6. Noam Chomsky is Ward Professor of Linguistics at the Massachusetts Institute of Technology and the author of American Power and the New Mandarins, At War with Asia, and Problems of Freedom and Knowledge.
7. Philippe Devillers is the director of South East Asia Studies of Centre d'Étude des Relations Internationales in Paris. He was attached to General Leclerc's headquarters in Saigon during 1945-1946 and was for some time a senior correspondent for Le Monde. He is the author of What Mao Really Said and coauthor of End of a War: Indochina Nineteen Fifty-Four.
8. John W. Dower is an assistant professor of Japanese history at the University of Wisconsin at Madison. A member of the Committee of Concerned Asian Scholars, he has lived in Japan and is the author of The Elements of Japanese Design. He is currently working on a book about postwar U.S.-China-Japan relations.
9. Richard B. Du Boff is an associate professor of economics at Bryn Mawr College, where he is a specialist in economic history and development. He coauthored with Edward S. Herman America's Vietnam Policy: The Strategy of Deception.
10. Walt Haney is a graduate student at the Center for Studies in Education and Development at Harvard. He spent two years in Laos with International Voluntary Services and one year with the Ministry of Education of the Royal Lao government. Mr. Haney prepared the Survey of Civilian Casualties Among Refugees from the Plain of Jars for the U.S. Senate subcommittee on refugees and escapees.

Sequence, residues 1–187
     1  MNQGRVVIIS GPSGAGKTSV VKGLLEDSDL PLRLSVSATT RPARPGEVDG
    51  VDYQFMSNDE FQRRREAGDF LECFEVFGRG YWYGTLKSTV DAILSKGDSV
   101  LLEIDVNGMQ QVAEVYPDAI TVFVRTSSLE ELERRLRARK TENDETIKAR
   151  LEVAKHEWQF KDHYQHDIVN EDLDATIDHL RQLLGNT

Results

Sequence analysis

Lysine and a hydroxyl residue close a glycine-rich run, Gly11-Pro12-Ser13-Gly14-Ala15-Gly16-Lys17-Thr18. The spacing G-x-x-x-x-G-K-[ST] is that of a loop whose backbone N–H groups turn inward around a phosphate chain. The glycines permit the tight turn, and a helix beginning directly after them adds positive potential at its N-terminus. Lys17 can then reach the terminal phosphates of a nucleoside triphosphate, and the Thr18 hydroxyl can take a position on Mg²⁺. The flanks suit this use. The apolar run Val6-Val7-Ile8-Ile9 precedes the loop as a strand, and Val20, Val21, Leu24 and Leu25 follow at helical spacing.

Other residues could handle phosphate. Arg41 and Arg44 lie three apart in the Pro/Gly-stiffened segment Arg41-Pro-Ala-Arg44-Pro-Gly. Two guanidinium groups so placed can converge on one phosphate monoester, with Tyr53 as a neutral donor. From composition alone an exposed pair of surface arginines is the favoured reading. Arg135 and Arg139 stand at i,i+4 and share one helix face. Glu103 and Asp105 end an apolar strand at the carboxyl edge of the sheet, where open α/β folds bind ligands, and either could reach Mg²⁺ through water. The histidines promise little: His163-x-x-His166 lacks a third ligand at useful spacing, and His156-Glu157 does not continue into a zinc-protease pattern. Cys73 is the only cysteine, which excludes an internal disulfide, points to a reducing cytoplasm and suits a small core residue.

11. Gabriel Kolko is currently professor of history at York University in Toronto. Among his books are The Roots of American Foreign Policy, The Politics of War, and with Joyce Kolko, The Limits of Power.
12. Truong Buu Lam is now a visiting professor of history at the University of Hawaii. The author of Patterns of Vietnamese Response to Foreign Interventions: 1858-1900, he was for several years the director of the Institute of Historical Research in Saigon and concurrently taught at the University of Saigon.
13. Don Luce is now director of the Indochina Mobile Education Project. He was in Vietnam from 1958 to 1971 as an agriculturist, as director of International Voluntary Services, and as a research associate and journalist for the World Council of Churches. He is the author of Vietnam: The Unheard Voices and has translated and edited a volume of Vietnamese poetry We Promise One Another: Poems from an Asian War.
14. David G. Marr served as an intelligence officer in the U.S. Marine Corps from 1959 to 1964. Now an assistant professor of Vietnamese studies at Cornell University and director of the Indochina Resource Center in Washington, D.C., he is the author of Vietnamese Anticolonialism.
15. Peter Dale Scott, a former Canadian diplomat, has taught political science. Now an associate professor of English at the University of California at Berkeley, he is a co-author of The Politics of Escalation in Vietnam and author of The War Conspiracy.
16. Howard Zinn is a historian and professor of political science at Boston University. Among his books are Vietnam: The Logic of Withdrawal and The Politics of History.